Response to HEPI article on Russell Group

20 August 2022

In response to the article on the Russell Group by Mary Curnock Cook published in HEPI today (20 August 22), Dr Tim Bradshaw, Chief Executive of the Russell Group, said:

"Over half of Russell Group members are in the top 100 of the independently rated QS world rankings. In the recent REF exercise, 91% of our research was rated 'world leading' or 'internationally excellent' and we draw on this extensively to underpin the educational experience we give our students.

"Our members work hard to give everyone with the drive and determination to go to university the opportunity to do so. These comments are an unfair attack on the work they do with schools, parents, community groups and many others to help young people.

"As well as access and outreach programmes, our universities also work with schools and colleges, offering resources, training and even running academy trusts to help drive up attainment and give more young people the chance to succeed in all walks of life.

"The proportion of 18-year-olds from some of the most disadvantaged areas entering English Russell Group universities has increased every year for the last seven years and we are determined to continue that trend. Last year alone our universities took on 20% more students from the lowest participation areas.

"Once they are at our universities, young people are given a range of support to help them complete their courses and build a fulfilling career afterwards. This is reflected in the high levels of continuation rates and future earnings at our universities for students of all backgrounds."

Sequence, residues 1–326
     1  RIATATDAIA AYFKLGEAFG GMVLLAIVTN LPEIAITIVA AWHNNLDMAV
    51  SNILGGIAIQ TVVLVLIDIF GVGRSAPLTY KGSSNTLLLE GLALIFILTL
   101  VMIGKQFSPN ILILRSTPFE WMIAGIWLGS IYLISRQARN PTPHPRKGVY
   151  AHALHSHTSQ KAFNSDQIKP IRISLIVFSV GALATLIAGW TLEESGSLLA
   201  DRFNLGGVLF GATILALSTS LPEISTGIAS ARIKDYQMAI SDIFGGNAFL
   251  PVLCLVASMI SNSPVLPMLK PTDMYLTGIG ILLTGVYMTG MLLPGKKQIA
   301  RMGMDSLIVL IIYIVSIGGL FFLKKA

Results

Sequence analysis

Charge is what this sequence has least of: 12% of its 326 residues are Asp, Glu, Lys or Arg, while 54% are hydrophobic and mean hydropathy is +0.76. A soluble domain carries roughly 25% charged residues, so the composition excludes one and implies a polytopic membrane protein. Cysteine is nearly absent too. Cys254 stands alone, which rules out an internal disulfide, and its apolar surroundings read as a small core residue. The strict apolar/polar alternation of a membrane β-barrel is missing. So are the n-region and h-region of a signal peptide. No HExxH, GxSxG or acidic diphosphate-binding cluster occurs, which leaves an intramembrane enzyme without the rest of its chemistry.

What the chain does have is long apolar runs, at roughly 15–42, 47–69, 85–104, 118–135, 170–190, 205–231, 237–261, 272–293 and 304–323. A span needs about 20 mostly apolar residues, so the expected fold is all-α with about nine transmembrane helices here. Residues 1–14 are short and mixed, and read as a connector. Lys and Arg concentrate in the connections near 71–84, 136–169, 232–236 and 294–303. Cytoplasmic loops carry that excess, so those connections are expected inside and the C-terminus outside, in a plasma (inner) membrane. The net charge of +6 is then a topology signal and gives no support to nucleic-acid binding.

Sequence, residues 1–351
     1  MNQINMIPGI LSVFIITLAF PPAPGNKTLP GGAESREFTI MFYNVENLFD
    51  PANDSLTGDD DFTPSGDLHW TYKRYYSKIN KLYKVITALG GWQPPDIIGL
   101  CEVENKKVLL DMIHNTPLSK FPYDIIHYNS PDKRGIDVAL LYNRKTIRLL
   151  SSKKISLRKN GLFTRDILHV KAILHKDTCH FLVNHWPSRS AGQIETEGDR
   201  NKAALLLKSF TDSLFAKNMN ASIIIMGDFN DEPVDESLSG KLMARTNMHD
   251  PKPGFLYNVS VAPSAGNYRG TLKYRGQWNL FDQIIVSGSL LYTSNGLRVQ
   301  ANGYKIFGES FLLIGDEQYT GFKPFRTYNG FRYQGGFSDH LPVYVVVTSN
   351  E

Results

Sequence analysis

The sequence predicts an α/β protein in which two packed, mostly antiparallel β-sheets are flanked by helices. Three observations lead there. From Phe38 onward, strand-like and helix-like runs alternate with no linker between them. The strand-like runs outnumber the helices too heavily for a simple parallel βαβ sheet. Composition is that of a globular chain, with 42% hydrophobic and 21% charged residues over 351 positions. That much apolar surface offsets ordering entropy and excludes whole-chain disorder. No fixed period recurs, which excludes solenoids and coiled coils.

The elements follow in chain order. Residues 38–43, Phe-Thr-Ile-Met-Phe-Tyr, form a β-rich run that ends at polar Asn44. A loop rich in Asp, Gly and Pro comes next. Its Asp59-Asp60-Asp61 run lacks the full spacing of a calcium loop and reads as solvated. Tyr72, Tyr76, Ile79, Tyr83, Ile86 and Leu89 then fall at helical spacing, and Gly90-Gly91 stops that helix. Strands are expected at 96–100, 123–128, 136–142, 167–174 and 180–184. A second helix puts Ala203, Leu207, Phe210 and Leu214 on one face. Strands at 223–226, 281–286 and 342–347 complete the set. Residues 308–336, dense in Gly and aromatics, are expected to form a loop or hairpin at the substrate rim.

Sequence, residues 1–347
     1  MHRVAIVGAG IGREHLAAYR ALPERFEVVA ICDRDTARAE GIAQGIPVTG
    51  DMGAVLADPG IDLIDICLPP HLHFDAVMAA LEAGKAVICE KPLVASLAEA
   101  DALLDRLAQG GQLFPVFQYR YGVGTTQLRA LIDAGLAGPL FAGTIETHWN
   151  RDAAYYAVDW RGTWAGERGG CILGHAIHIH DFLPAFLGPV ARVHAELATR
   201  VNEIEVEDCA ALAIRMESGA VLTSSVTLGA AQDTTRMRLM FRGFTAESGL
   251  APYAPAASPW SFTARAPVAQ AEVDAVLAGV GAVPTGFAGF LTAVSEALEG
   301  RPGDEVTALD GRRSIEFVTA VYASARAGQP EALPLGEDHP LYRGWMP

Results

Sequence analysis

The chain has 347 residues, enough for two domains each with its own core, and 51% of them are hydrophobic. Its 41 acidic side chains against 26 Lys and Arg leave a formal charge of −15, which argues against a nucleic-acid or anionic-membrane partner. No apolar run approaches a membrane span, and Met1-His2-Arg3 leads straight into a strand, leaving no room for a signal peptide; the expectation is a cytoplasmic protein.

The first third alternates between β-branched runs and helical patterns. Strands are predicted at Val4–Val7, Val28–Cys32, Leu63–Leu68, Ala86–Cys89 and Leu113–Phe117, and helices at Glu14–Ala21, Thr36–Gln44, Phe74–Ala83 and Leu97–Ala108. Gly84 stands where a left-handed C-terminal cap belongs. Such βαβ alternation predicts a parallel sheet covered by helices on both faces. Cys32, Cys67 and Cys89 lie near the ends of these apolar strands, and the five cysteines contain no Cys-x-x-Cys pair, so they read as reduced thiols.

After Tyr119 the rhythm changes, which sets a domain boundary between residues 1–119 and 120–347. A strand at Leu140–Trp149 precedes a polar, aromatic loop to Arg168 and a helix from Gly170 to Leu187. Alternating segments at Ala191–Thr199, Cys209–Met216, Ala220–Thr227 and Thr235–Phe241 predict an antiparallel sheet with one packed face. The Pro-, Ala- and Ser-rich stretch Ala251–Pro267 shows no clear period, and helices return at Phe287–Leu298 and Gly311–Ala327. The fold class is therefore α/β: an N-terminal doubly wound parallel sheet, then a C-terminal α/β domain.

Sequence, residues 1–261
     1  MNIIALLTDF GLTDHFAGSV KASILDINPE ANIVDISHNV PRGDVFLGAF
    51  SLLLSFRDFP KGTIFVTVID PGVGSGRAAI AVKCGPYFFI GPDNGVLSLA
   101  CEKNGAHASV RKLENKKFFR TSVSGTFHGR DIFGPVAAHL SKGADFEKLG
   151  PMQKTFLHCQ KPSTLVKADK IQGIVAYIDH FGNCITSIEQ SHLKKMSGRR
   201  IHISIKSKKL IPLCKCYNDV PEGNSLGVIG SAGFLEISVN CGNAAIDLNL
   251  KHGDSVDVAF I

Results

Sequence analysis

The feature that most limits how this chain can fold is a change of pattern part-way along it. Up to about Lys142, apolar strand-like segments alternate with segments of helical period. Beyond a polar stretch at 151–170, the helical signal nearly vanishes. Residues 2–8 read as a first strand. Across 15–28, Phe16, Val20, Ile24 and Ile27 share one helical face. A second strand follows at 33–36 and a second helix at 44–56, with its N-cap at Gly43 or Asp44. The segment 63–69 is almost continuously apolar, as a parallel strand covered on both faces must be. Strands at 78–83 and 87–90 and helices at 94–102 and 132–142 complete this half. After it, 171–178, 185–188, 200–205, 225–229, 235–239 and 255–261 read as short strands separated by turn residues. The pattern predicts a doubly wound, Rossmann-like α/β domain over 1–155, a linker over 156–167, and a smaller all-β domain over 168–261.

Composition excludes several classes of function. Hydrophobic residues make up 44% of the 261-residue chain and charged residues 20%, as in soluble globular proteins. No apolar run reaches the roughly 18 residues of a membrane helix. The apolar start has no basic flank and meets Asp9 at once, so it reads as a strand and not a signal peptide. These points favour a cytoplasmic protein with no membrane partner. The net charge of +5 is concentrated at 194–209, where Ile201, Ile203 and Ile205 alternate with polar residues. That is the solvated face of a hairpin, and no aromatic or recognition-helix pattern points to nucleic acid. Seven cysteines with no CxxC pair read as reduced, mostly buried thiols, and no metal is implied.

Further information

The QS World University Rankings 2022 can be found here.

At English Russell Group universities, undergraduates from the most under-represented backgrounds (POLAR Q1 areas) are as likely to continue on their courses after the first year (94%). This means that POLAR Q1 students are as likely to continue their studies past the first year at Russell Group universities as those from the least under-represented areas (POLAR Q5) studying elsewhere.

In total, 89% of the most under-represented students (those from POLAR Q1 areas) achieve a first or upper second-class degree at Russell Group universities. Although there is a gap in degree attainment between the most and least under-represented students, this has closed from seven percentage points in 2016/17 to five percentage points in 2019/20, and our universities have set targets to eradicate this gap over time. 

Across all English Russell Group universities, the ratio between the least and most under-represented students (those from POLAR Quintile 5 versus POLAR Quintile 1) entering full-time undergraduate courses fell from 6.9:1 in 2013/14 to 4.8:1 in 2019/20. If current trends continue, we can expect the gap in progression to Russell Group universities to close further to a ratio of 3:1 by 2025/26.

On average, over £11m will be spent on access and participation programmes at each Russell Group university for each of the next five years to help close the gap in progression between students from the least and most under-represented areas of the UK.

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